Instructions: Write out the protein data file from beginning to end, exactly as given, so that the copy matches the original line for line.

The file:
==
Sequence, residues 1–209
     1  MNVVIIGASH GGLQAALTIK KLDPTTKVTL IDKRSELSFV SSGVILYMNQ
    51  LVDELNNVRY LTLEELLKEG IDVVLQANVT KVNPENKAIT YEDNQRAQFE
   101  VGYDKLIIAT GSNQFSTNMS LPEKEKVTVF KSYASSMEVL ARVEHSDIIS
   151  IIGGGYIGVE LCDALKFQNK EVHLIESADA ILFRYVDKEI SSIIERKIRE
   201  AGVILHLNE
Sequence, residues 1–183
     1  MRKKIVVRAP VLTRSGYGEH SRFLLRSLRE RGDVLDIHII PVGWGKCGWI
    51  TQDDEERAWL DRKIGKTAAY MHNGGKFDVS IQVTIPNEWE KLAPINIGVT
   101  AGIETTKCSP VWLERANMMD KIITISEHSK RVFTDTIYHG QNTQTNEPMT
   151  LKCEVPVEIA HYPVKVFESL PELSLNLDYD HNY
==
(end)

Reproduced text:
Sequence, residues 1–209
     1  MNVVIIGASH GGLQAALTIK KLDPTTKVTL IDKRSELSFV SSGVILYMNQ
    51  LVDELNNVRY LTLEELLKEG IDVVLQANVT KVNPENKAIT YEDNQRAQFE
   101  VGYDKLIIAT GSNQFSTNMS LPEKEKVTVF KSYASSMEVL ARVEHSDIIS
   151  IIGGGYIGVE LCDALKFQNK EVHLIESADA ILFRYVDKEI SSIIERKIRE
   201  AGVILHLNE
Sequence, residues 1–183
     1  MRKKIVVRAP VLTRSGYGEH SRFLLRSLRE RGDVLDIHII PVGWGKCGWI
    51  TQDDEERAWL DRKIGKTAAY MHNGGKFDVS IQVTIPNEWE KLAPINIGVT
   101  AGIETTKCSP VWLERANMMD KIITISEHSK RVFTDTIYHG QNTQTNEPMT
   151  LKCEVPVEIA HYPVKVFESL PELSLNLDYD HNY